With a dropout rate of over 38 per cent: Crisis Looms

Egbert Gaye

There’s no denying that in Quebec, the Black community as a whole fares badly on all of society’s socio-economic indicators.
But things are particularly bad among our young whose struggles extend from the youth criminal justice system where they represent well over 35 % of those caught up juvenile detention centres or foster homes; to the classrooms where close to 40 % fail or leave before graduating right into the workforce where most end up in dead-end jobs.
Not surprising that some see it as a looming crisis.
So there was an underlying a sense of urgency when   a group of community workers sat at the offices of the CONTACT to outline their plans to break that cycle of desperation that has locked in so many young English-speaking Blacks
Tamara Hart, is the newly installed executive director of DESTA Black Youth Network, a little Burgundy based organization working with marginalized youth.
They have recently joined forces with the Cote Des Neiges Black Community Association (CDNBCA) to work with in conjunction with the English Montreal School Board to implement a high school completion program that they hope will steer young Blacks back on to a course of personal development.
“When we look at a 38 per cent high-school drop-out rate  (identified in a 2010 demographic study released by McGill University,) we know that our youth are in crisis, so it’s important for the community to come together,” Hart says
“In the past because of funding issues and the lack of resources we have been working in silos with the various community groups competing against each other, we’re not doing that anymore. Today we’re trying to collaborate especially on this very important issue of helping our youth.”
“What we need is a culture of education and literacy in our community,” says Kidel Reid education coordinator at CDNBCA. “We’re highly regarded in areas such as athletics and entertainment while many of our youth struggle to get past high school. We have to change our concept of success.”
The project is called the Community Academic Achievement Program (CAAP) and the aim is to assist individuals of all ages who want to complete high school or enhance their literacy skills by offering high school equivalency courses in math and English in an alternative setting.
The days, duration and hours of the program are all flexible and accommodate the needs of participants.
The ESMB will supply the teachers but the courses will be delivered in the community in classrooms that will accommodate the needs of those who are out of place at conventional schools.
Rachelle Rose is another member of the DESTA team on the frontlines of this project. In her years as the organizations education coordinator she says she has heard her fair share of stories of horrors stories students have suffered in classrooms, to the extent where many of them are psychologically scarred.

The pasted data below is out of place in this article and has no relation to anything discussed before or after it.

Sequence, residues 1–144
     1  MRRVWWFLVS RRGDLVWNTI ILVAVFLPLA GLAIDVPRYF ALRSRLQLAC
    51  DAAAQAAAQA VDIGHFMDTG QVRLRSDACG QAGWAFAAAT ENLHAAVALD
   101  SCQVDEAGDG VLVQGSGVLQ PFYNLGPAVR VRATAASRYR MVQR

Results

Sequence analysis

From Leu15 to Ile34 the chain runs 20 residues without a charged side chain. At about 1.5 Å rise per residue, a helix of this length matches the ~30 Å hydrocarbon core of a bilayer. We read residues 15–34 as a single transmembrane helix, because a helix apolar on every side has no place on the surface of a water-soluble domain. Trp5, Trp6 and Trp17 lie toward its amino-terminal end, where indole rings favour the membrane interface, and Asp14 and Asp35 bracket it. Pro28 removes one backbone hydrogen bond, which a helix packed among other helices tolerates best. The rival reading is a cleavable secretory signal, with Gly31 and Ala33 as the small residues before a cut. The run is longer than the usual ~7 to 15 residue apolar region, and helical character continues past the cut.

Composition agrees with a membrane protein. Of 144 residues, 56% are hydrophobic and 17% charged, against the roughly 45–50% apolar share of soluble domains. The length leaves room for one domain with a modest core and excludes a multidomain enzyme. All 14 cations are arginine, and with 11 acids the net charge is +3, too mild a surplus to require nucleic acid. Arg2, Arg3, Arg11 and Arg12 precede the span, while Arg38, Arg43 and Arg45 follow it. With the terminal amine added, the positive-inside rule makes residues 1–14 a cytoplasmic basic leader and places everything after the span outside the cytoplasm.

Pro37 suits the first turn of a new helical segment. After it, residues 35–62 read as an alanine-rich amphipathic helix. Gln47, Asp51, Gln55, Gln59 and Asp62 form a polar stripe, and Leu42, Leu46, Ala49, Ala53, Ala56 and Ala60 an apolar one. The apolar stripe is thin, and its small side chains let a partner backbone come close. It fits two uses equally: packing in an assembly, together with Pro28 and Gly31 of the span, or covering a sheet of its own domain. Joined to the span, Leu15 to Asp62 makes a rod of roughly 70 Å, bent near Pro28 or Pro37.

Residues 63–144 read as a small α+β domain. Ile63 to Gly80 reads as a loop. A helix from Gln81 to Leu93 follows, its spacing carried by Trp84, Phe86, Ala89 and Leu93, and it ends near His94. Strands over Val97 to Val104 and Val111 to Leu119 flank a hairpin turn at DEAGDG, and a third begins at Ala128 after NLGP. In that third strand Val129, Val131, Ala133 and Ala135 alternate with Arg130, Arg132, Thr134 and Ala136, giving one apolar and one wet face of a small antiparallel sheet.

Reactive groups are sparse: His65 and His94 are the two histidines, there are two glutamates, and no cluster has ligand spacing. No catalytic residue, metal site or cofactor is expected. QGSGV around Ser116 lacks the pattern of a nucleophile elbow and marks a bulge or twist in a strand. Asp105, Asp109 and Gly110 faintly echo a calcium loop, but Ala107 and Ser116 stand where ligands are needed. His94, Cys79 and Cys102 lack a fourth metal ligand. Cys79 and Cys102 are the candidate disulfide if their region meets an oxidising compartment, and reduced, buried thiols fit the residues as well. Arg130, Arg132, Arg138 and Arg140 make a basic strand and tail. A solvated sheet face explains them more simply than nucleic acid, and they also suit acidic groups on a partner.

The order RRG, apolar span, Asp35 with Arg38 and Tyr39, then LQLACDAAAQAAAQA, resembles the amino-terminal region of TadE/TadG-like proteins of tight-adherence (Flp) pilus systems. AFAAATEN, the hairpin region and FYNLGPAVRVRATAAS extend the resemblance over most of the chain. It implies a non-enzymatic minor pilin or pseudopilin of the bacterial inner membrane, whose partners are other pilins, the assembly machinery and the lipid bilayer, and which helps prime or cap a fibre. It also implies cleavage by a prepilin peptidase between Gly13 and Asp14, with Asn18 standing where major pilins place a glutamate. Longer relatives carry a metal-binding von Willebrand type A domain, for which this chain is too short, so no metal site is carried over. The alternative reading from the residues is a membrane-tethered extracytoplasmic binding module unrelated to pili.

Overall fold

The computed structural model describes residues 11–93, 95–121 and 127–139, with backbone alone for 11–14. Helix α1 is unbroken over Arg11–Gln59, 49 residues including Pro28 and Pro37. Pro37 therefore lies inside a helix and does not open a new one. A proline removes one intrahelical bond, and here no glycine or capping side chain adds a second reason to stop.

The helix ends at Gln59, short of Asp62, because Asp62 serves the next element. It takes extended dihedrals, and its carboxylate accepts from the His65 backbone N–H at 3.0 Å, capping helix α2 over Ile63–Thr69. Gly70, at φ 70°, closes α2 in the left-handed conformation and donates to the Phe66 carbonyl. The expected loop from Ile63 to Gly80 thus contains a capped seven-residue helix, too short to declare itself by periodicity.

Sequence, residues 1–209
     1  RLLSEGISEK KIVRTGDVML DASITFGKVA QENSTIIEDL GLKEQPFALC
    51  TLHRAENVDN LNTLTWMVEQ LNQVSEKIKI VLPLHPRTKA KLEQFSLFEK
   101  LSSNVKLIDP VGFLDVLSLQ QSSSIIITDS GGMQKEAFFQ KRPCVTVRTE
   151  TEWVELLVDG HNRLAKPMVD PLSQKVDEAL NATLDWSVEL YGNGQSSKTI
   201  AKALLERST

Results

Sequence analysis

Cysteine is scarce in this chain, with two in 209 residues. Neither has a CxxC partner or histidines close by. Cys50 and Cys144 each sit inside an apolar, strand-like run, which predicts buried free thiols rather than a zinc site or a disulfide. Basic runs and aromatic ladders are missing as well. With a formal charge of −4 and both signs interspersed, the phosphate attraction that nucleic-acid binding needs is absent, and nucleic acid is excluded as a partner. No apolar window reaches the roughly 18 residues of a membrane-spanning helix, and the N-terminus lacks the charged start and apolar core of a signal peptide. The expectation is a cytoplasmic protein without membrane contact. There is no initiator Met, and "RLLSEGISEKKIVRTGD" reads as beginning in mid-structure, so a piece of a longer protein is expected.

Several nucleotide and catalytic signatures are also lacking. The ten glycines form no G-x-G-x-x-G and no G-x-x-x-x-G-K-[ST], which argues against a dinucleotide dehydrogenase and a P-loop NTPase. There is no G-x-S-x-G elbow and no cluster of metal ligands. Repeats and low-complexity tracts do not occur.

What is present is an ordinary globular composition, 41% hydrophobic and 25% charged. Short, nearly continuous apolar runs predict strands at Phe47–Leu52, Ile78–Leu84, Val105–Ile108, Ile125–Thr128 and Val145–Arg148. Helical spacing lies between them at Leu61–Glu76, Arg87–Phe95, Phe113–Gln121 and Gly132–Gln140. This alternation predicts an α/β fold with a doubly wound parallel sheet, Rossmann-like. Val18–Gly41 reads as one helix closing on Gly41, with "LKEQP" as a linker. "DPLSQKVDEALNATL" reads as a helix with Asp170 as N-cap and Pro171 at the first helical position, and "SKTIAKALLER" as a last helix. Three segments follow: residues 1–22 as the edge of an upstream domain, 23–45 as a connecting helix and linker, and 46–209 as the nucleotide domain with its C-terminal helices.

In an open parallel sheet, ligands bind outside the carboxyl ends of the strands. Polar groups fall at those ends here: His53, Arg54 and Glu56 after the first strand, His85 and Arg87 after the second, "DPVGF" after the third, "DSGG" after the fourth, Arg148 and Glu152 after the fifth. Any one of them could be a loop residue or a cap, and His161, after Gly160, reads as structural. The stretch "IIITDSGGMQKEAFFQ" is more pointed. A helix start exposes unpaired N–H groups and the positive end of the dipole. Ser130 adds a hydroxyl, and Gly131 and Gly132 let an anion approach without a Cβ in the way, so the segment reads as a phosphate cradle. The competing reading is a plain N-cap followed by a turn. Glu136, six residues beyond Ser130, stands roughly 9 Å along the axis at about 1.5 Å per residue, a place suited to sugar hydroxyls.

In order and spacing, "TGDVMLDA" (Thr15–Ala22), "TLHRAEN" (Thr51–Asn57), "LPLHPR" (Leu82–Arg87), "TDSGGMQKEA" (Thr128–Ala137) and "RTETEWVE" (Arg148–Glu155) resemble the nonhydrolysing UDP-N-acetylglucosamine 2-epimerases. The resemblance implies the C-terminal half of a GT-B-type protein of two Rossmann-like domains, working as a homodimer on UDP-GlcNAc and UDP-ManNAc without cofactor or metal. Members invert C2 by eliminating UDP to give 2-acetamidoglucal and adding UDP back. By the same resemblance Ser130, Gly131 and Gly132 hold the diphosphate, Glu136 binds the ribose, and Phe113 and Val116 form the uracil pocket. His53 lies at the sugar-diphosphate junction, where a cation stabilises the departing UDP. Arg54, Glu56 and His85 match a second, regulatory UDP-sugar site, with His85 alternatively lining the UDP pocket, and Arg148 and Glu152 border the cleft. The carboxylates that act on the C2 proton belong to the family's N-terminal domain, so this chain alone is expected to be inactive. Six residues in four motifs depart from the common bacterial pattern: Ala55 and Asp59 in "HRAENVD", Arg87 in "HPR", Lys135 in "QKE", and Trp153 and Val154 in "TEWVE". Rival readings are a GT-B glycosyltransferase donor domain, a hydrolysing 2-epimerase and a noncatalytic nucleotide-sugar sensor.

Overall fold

“In many instances we have to work to rebuild their self esteem and their confidence,” says the recent Social Work graduate from McGill University.
She says the challenge is to get these students back into classroom where they feel valued and participate fully in the learning process.
The biggest challenge the project faces is to attract as many participants as possible in a way as to make a dent on high number of students who are without a high school diploma.
Denburk Reid, a former professional basketball player and stand out at McGill University, now working with several community organizations is confident that the collaboration between DESTA and CDNBCA the way to go.
“This partnership will widen the reach of the program,” says Burkie as he is known among an army fans and followers across Montreal.
He added that: “With more than thirty eight percent of our students dropping out of school almost everyone knows someone who will benefit from this program and has to encourage them to participate.”
Hart, who has a BA in ### and a Masters in Educational Technology from Concordia University, is also confident of the project’s capacity to deliver.
“What we have in place is a solid model that can be very useful to our community,” she says.
And according to Kidel Reld although the focus is to get high school certificates in
the hands of participants the program  goes way  beyond  that with a capacity to offer tutorial assistance in other areas of study and interest.
He says that’s especially pertinent  at the CDNBCA where many participants are new immigrants or single mothers that fall into a higher age group with different aspirations.
The project coordinator are calling on all educators in the, especially those who are retired, to get involved what  Hart describes as a “critical community initiative” to help students who are struggling to learn and other vulnerable individual get back on a path to learning.
These former teachers, principals and other educators all have the capacity and the experience to help make this program a success and we’re hoping that they will get involved.
And as Kidel Reid alludes: it has to be a community wide efforts, with all capable hands on deck in order to cultivate this much needed culture of education and learning that will put us all on a path to better partake and participate in this society.
For information on the Community Academic Achievement Program call the CDNBCA at 514 737 8321 Ext. 221 or DESTA  Rachelle Rose at  514 932 7597